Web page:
Summer Autism Programs Oklahoma City OK

Local resource for summer autism programs in Oklahoma City. Includes detailed information on local businesses that provide access to summer camps, camps for summer, and information on autism in children, autism symptoms, autism spectrum disorder, as well as advice and content on autism.

Parents as Partners
(405) 232-2796 or (866) 492-KIDS
Oklahoma Federation of Families for Childrens Mental Health
Oklahoma City, OK
Support Services
Adult Support, Marriage & Family Counseling, Support Organization
Ages Supported
Preschool,Kindergarten,1-5 Grade,6-8 Grade,9-10 Grade,11-12 Grade,Adult

Data Provided By:
Oklahoma Disability Law Center, Inc./Oklahoma City
(405) 525-7755 (V/TTY); (800) 880-7755 (V/TTY, in
2915 Classen Blvd.
Oklahoma City, OK
Support Services
Disability Advocacy, Marriage & Family Counseling, Other
Ages Supported
Preschool,Kindergarten,1-5 Grade,6-8 Grade,9-10 Grade,11-12 Grade,Adult

Data Provided By:
Oklahoma Disability Law Center, Inc.
(405) 525-7755
2915 Classen Blvd. 300 Cameron Bldg
Oklahoma City, OK
Support Services
Disability Advocacy, Legal Services

Data Provided By:
OK Family Support Services
(405) 521-3076
Department of Human Services
Oklahoma City, OK
Support Services
Adult Support, Marriage & Family Counseling, Support Organization
Ages Supported
Preschool,Kindergarten,1-5 Grade,6-8 Grade,9-10 Grade,11-12 Grade,Adult

Data Provided By:
Epilepsy Association of the Sooner State
(405) 271-3232
711 Stanton L. Young Boulevard, Suite 550
Oklahoma City, OK
Support Services
Disability Advocacy, Support Organization

Data Provided By:
VSA (Very Special Arts) Oklahoma
(405) 525-2787
3022 Paseo
Oklahoma City, OK
Support Services
Art Therapy, Support Organization
Ages Supported
Preschool,Kindergarten,1-5 Grade,6-8 Grade,9-10 Grade,11-12 Grade,Adult

Data Provided By:
NAMI Oklahoma
(405) 230-1900; (800) 645-5437
500 N. Broadway
Oklahoma City, OK
Support Services
Adult Support, Disability Advocacy, Marriage & Family Counseling, Support Organization
Ages Supported
Preschool,Kindergarten,1-5 Grade,6-8 Grade,9-10 Grade,11-12 Grade,Adult

Data Provided By:
Oklahoma Respite Resource Network
(405) 522-0600
P.O. Box 26901
Oklahoma City, OK
Support Services
Other, Respite/Childcare/Babysitting

Data Provided By:
Council for Developmental Disabilities
(405) 528-4984
3033 N. Walnut, Ste. 105-E
Oklahoma City, OK
Support Services
Disability Advocacy, Other, Support Organization

Data Provided By:
Developmental Disabilities Services Division
(405) 521-6267
Sequoyah Memorial Office Building
Oklahoma City, OK
Support Services
Early Intervention, Government/State Agency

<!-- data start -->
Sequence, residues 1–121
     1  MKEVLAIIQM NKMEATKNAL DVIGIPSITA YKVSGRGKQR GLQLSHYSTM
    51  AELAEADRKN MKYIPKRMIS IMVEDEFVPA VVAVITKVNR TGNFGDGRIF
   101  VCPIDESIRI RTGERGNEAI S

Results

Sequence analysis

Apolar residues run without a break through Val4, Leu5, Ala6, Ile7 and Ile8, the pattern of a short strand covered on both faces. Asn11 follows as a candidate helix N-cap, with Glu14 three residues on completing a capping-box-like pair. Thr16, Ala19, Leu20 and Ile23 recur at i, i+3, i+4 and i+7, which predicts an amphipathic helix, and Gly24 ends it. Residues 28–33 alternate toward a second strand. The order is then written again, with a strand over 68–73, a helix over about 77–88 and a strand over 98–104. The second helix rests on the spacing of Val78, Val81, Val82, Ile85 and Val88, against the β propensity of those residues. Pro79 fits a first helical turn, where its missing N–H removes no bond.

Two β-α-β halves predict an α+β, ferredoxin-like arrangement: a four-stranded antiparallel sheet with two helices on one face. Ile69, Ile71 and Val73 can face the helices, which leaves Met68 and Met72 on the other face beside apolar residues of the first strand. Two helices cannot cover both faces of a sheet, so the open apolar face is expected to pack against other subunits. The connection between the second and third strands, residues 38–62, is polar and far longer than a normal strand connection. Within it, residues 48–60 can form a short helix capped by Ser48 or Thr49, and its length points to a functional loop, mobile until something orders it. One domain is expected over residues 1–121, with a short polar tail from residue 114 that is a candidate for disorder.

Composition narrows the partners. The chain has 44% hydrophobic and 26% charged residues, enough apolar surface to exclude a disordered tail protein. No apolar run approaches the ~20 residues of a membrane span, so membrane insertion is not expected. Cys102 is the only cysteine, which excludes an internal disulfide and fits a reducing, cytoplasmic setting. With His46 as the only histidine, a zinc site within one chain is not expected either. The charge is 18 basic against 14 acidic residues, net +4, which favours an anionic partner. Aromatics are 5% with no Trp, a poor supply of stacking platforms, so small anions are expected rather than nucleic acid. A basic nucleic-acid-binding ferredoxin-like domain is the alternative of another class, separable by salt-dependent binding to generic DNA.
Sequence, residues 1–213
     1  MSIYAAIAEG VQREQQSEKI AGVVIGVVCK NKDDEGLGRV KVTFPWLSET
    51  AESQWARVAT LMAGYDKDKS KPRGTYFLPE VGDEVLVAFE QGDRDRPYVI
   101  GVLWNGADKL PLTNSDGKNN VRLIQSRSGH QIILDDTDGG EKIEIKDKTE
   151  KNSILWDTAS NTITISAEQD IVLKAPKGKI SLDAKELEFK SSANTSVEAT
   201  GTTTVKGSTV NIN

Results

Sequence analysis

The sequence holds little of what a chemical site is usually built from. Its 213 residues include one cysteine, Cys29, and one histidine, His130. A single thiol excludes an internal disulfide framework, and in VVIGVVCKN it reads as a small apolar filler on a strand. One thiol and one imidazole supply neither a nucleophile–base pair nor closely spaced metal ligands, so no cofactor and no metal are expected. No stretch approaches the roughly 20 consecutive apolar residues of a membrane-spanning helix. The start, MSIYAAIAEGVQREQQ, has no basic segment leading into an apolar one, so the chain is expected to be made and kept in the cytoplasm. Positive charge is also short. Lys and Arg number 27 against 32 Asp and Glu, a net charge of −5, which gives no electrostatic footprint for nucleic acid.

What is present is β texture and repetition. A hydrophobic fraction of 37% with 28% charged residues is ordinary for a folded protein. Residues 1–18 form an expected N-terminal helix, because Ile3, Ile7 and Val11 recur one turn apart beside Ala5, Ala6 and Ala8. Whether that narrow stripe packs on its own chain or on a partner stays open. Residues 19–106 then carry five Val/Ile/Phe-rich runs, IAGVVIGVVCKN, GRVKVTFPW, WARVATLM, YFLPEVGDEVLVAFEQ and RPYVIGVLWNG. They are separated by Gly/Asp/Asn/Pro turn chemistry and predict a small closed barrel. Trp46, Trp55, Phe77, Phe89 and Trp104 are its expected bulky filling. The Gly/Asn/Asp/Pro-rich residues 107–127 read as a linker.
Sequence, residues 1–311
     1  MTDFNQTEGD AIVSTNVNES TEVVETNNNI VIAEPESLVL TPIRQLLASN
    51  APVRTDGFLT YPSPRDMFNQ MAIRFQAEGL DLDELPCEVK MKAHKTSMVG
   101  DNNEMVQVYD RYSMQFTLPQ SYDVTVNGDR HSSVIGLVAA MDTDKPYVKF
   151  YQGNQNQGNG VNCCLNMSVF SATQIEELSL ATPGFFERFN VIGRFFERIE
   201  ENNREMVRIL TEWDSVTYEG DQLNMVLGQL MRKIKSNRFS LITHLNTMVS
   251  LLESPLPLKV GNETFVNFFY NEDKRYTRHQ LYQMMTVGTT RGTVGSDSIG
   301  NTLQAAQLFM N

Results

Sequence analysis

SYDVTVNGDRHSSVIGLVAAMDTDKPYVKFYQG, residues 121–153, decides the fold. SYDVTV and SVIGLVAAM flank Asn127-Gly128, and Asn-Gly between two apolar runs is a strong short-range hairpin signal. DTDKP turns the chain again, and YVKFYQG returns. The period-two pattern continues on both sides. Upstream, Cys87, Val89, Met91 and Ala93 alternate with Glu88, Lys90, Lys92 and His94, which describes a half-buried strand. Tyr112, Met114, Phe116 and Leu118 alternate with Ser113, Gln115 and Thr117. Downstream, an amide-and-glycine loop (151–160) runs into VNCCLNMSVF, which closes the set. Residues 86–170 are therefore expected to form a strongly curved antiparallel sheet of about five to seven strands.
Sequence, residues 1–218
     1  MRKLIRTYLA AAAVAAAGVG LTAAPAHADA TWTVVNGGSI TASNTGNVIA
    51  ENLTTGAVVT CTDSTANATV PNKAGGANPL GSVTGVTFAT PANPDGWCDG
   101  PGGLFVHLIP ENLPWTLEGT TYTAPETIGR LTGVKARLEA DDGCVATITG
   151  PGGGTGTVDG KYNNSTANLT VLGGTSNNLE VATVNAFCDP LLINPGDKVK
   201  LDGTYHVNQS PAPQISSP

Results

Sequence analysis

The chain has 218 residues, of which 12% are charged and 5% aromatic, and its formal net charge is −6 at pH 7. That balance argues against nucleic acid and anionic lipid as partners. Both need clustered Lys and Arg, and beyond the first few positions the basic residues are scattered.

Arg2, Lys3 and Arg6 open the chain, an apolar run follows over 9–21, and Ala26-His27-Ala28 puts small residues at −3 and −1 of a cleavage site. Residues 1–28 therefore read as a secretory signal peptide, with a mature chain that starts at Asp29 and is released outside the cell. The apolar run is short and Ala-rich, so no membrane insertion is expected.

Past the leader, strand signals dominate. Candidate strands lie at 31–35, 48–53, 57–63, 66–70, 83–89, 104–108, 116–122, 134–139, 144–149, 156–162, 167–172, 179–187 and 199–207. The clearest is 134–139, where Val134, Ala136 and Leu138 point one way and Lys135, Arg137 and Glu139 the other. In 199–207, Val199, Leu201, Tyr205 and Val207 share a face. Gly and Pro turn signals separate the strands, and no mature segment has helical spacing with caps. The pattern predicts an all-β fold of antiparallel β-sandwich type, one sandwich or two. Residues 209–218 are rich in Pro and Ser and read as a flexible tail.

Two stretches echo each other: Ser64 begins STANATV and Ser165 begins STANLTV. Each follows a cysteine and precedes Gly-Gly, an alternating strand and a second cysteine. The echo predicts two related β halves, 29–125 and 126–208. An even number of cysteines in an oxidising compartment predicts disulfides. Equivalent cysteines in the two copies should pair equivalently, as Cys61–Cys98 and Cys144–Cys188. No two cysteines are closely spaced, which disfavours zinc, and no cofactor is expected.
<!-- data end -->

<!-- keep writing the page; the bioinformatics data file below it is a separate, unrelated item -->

Data Provided By:
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How To Find A Summer Autism Program

How to find a summer autism program

Lisa Jo Rudy

You finally made it through the school year. Despite all the obstacles, your child did pretty well. You even saw him meet some of his IEP goals. But now summer is looming, and you have no clue what to do with him. Ordinary summer camp looks pretty unlikely - after all, how many camp programs offer “social skills” along with “horseback riding?” Here’s how to get the process underway.

Here's How:

1) Start early. These days, even parents of typical kids start early in their quest for the perfect summer camp at the perfect price. For parents of autistic kids, the start should begin even earlier - sometime around September first!

2) Find out what kind of Extended School Year (ESY) program is offered through your school district. ESY is a federally funded option for kids whose skills are likely to regress during extended breaks. If your child does qualify, he may be eligible for a free summer program . Some districts will supply a 1:1 aide so that your child can be included in a typical summer camp. Transportation is included.

3) Look into Variety Club and the YMCA. Both have missions that focus on inclusion, and both work hard to make inclusion work. I was able to work with my local Y to add an autism support "bunk" to the typical daycamp.

4) Surf the Web. Take a look at My Summer Camps , and Kids Camps for listings of special needs options. While some of these camps can be pricey, others are about the same cost as a nice private daycamp in your area.

5) Ask around. Your teacher, principal, or parents of kids in your child’s class may have great ideas.

6) Check newspapers. Special “parenting” magazines in many metropolitan areas create camp directories. These are usually published in early winter. Many include listings for camps that cater to kids with special needs.

Tips:

1) All YMCA's offer financial aid to families in need. Be sure to ask about financial aid if you need it.

2) Summer is an...

Click here to read the rest of this article from Autism Support Network